The European Parliament’s agriculture committee has voted to weaken key environmental proposals made by the European Commission while agreeing to reduce subsidies to big farms. These and other proposals will be considered by the full Parliament in March.
In two days of voting on more than 7,000 amendments to the Common Agricultural Policy (CAP) for 2014-2020, MEPs also backed the extension of protections for sugar producers and grape growers, defying Commission recommendations to extend liberalisation to nearly all agricultural sectors.
The votes focused on the two main financial pillars of the CAP, direct payments to farmers and rural development; new environmental regulations; as well as proposals to phase out price supports for sugar and planting right for wine producers.
The committee’s recommendations – which came during marathon voting sessions on 23 and 24 January – must now be voted on by the full Parliament at its 11-14 March plenary.
Delays in approved a long-term EU budget and turf battles over the CAP rules already mean that the new regulations are unlikely to take effect until 2015.
A summary of the issues and voting follows:
‘Greening’ the CAP
The committee backed the European Commission’s proposal to require that 30% of direct payments (the CAP’s so-called first pillar) be linked to farmers’ environmental performance – such as diversifying crops, leaving up to 7% of land uncultivated to promote biodiversity, and creating permanent pastures.
But bowing to pressure from farmers’ organisations and some EU members states, the committee voted to exempt small farms from the so-called greening rules, as well as growers who meet individual member states’ environmental certification programmes.
Under amendments adopted by the committee, farmers with less than 10 hectares of cultivatable land will be exempt and those with 10 to 30 hectares can apply for exemptions. According to the Parliament, the exemptions will apply to 82% of the EU’s farmers.
The Commission had recommended that only organic farmers should be exempt from greening schemes.
The committee also called for devoting at least 25% of the second pillar of the CAP, which provides co-financing for rural development, to conservation works. Environmental groups and Green MEPs sought much stricter ecological standards on the use of the rural development funds and for cross-compliance with other EU environmental policies, and vow to carry their fight to the plenary.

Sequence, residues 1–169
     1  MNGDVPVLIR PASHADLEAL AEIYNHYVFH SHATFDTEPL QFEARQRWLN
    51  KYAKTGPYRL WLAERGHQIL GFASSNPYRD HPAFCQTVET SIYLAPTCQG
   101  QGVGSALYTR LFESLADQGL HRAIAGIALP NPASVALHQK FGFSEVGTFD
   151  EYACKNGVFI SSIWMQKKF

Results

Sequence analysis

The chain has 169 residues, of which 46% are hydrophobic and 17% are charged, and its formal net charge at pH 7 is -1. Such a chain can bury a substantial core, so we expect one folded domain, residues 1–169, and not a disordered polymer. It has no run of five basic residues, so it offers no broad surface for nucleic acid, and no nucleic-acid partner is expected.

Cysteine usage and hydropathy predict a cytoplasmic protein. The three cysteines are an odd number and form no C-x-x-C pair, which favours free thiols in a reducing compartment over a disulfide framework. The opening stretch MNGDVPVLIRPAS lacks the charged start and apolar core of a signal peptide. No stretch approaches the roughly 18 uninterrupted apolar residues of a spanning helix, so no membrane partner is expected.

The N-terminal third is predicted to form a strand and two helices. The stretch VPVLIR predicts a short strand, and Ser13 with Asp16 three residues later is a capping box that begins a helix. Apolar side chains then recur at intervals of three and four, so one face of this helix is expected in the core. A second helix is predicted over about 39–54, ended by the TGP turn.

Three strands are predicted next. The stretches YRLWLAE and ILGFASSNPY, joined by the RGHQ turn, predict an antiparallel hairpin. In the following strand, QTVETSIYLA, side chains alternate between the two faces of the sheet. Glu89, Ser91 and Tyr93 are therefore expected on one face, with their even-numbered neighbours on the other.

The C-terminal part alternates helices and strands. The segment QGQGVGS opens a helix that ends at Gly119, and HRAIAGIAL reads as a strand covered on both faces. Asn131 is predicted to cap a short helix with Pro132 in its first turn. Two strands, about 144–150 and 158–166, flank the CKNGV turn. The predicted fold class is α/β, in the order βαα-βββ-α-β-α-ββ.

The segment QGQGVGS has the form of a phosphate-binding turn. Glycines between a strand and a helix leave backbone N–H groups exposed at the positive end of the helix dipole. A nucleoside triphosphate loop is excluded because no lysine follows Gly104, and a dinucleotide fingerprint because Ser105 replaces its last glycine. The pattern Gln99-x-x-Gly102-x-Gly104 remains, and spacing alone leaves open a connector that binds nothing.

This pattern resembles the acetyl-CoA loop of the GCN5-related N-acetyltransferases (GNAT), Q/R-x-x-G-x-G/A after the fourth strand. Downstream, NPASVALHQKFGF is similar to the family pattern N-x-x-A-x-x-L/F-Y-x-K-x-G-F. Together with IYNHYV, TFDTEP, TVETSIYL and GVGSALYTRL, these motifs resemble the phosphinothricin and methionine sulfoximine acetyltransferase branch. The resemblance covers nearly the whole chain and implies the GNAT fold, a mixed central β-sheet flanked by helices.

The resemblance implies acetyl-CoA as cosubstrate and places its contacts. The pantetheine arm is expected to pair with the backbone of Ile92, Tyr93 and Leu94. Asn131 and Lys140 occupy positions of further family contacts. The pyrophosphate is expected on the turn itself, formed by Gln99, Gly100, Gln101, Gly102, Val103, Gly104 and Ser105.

€300,000 cap on payments
Responding to criticism that rich people – including the British royal family – and large farms unfairly benefit from CAP subsidies, MEPs backed Commission plans to cap payments to big farms.
They vote to end direct subsidies for non-farmer organisations – such as golf clubs and even airports – that do not obtain most of their income from agriculture.
They agreed to place a €300,000 ceiling on payments to any single farm and to cut subsidies by 70% to farms receiving between €250,000 and €300,000. Subsidies would fall by 40% for farms receiving between €200,000 and €250,000, and by 20% for those getting €150,000 and €200,000.
The moves, if eventually adopted, represent one of the most frequent criticisms of the CAP payment scheme that corporate-owned farms and non-farmers are reaping the benefits of a system designed to support family farming.
Still, the committee rejected amendments for deeper cuts to big farms, and ignored Commission recommendations and exempted farmers’ cooperatives from the payment ceiling.
They also backed an amendment to allow national governments to transfer savings from the first pillar to rural development projects.
More money for eastern growers …
Under pressure from farmers in the newer EU countries, MEPs took a step to reduce the east-west difference in direct payments to farmers.
The agricultural committee voted that no country’s farmers should get less than 65% of the EU average payment – a significant boost for a country like Latvia, where farmers now get 33% of the EU average.
Under the Commission’s proposed system, member states with direct payments below 90% of the EU-27 average would close one-third of the gap as of 2014, with disbursements gradually rising to 90% of the EU average by 2020. The committee struck the 90% figure to make it the actual average.
"The committee has voted for a stronger redistribution of aid among member states, as it is difficult to accept differences of roughly €300 per ha between farmers in different member states", said Portuguese MEP Luis Manuel Capoulas Santos (Socialists and Democrats), who was the committee rapporteur on direct payments.
… and young farmers
MEPs also supported the EU executive’s plan to devote 2% of the CAP to encourage young people to get into farming.
The committee recommended that farmers under age 40 get a 25% bonus on the direct payment in the first five years they farm. But they capped the payment at 50 hectares, replacing the Commission’s plan for a limit based on the average farm size in each member state.
It also called for additional payments to small farmers of up to €1,500, €500 more than the Commission recommended.
MEPs also backed the extension of protections for sugar producers and grape growers, defying Commission proposals to remove market support and eventually liberalise all agricultural markets.
Supporters contend that the protections are needed to support vital agricultural sectors and protect them from cheap competition from aboard and to protect the wine sector, one of Europe’s premier industries.
Both sugar producers – who face an end to prices supports starting in 2016 – and vine growers – who faced the loss of planting rights starting in beginning in 2016 – had the support of French MEP Michel Dantin (European People’s Party), who has fought to extend help for the sugar and vine sectors to prevent what he has said would “lead to closure of farms."
Dantin was the committee’s rapporteur on the market support regulations.